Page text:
An electric votive candle exploded in the hands of a 6-year-old girl during Mass in a church in northeastern Italy (search), seriously wounding her and renewing fears that a serial bomber who has terrorized the region for more than 10 years had struck again.

Two others in the Roman Catholic church in the town of Motta di Livenza (search), 36 kilometers (22 miles) from the city of Treviso, were slightly injured Sunday.

Surgeons reconstructed the thumb, index finger and middle finger of the girl's left hand, doctors told reporters at Pordenone (search) hospital, where the girl had been flown by helicopter.

The child, who had been trying to light the candle when it blew up, suffered shock and "will have some damage but she will be able to use her hand again," Dr. Ruggero Mele, head of the surgical team, told Sky TG24 TV.

The arrival of Venice Prosecutor Luca Marini who has been probing the so-called "Italian Unabomber" as well as other investigators underlined the concern that the attack could be the work of the serial bomber.

An explosive device was hidden in the candle, Marini was quoted as saying by the Italian news agency in Treviso.

Several of the bombs investigators have blamed on the attacker over the past 11 years were packaged in objects likely to attract children, including a soap bubble container, a colorful marker pen, a jar of a popular snack spread and plastic eggs which normally hold surprise trinkets.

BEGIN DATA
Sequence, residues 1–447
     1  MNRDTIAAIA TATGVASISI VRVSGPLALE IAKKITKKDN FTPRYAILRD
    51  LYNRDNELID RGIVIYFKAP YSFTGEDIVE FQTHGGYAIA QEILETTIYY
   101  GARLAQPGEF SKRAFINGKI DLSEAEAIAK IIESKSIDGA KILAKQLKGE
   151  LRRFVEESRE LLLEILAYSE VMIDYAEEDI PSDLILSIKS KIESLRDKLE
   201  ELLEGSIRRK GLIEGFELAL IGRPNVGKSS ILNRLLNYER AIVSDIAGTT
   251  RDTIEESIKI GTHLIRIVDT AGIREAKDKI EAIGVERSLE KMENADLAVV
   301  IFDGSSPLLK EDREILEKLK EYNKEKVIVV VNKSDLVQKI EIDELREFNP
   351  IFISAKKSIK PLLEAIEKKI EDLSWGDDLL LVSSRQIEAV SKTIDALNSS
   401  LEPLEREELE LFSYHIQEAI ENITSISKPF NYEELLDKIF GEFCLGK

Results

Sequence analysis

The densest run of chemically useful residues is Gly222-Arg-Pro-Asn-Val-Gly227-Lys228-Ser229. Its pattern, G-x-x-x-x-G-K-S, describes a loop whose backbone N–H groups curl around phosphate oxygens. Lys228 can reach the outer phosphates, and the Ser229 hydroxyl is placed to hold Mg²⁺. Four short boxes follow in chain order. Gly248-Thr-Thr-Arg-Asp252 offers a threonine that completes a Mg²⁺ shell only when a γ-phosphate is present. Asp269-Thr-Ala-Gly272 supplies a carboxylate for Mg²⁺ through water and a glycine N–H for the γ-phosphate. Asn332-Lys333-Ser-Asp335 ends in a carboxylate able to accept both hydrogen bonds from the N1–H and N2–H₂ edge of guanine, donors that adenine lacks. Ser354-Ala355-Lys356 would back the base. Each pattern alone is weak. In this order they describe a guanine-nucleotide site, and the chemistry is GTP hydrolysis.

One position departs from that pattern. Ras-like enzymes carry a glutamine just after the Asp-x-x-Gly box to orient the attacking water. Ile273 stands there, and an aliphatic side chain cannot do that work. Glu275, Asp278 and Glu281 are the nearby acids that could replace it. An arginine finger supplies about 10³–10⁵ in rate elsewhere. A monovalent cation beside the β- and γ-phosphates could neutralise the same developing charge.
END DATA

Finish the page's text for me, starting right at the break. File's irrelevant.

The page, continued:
"We heard a big boom and then I saw Greta fall backward covered in blood," Sara Crosato said of her daughter, who was trying to light the candle toward the end of Mass.

The husband of a woman who was slightly injured by the explosion told ANSA in Motta di Livenza that Greta was having trouble inserting coins into the slot to make the light turn on.

"Seeing the little one in difficulty, my wife first handed me our son of 13 months, whom she was holding in her arms, and she went near Greta. She guided her hand until she could insert the candle directly into the candle hole. That's when the explosion happened," ANSA quoted the husband, identified as Paolo P., as saying.

Reports said the bomber was believed to have hidden explosives in an electric candle at a town cemetery in 2001, seriously injuring a 63-year-old woman.

"I think he wants to cause the most pain and suffering possible to the community and its families," Mayor Graziano Panighel told Sky TG24 television.

Police bomb experts combed the 16th-century stone church, which did not appear to be seriously damaged.

Whoever is behind the blasts has been likened in the Italian media to the reclusive American "Unabomber," who sent dozens of bombs through the U.S. mail for nearly 20 years.

One of the victims of the bombs in Italy was a girl who lost the sight in one eye after she picked up the booby-trapped marker during a family picnic in the Treviso area. The exploding soap bubble jar injured a 5-year-old boy in 2002.

In January, a children's plastic treat container exploded in the northeast city of Trieste when a schoolboy kicked it in the street during a class trip. No one was injured.

Reforms minister Roberto Calderoli, whose political base is in northern Italy, called for the death penalty for anyone trying to target children in such a way, ANSA reported.